Expanding on his recent comments at the ASA Tax Court Cases Symposium in Cerritos, Calif. (as reported in BVWire #116-4), Dennis Webb of Primus Valuations wants business appraisers to focus less on the “minutiae of valuation cases,” as interesting as those may be. “The problem is that we do not usually see our work from the user’s point of view,” he says, and very often end up with “frighteningly complex reports that are impossible to understand” by either the clients or the courts. Worse, if the IRS can’t figure it out, “they throw it out,” Webb says. If a Tax Court judge can’t follow an expert’s analysis, he or she will often disregard it and conduct his own.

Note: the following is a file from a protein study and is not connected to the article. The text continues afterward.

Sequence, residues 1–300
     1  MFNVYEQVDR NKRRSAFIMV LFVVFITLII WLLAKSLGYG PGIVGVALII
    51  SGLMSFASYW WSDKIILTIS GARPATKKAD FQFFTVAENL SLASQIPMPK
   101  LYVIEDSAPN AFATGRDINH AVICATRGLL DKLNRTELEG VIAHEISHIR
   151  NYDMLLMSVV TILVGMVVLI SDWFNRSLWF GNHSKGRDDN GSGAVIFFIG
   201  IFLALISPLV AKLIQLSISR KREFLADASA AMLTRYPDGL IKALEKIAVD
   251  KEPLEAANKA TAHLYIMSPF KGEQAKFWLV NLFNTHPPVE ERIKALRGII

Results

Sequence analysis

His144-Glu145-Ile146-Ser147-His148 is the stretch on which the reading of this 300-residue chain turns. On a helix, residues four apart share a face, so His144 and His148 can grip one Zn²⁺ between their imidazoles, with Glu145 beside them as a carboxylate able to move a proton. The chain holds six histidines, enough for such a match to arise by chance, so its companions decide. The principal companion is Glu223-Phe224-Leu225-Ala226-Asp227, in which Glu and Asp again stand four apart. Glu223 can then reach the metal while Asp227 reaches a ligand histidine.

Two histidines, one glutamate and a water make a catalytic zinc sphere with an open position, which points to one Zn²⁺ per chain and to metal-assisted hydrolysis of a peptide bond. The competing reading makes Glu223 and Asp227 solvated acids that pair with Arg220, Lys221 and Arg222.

Poor technical work can be blamed, but it isn’t the only problem, Webb says. “The appraisal report often takes on an otherworldly quality,” in which “common sense gets lost." To remedy the problem, he advises appraisers to use these “three keys” to valuation success: 1) find the facts; 2) connect the dots; and 3) tell the story. “The appraisal profession examines valuation processes endlessly, advancing and testing different methods and types of data,” Webb says. “Let’s start putting the same emphasis on finding all the material facts, making sure the facts connect with the analytical methodology and market data, and foremost, tell the story in a clear and persuasive way.” Look for more on how to apply Webb’s three keys in your next report in a future Business Valuation Update.
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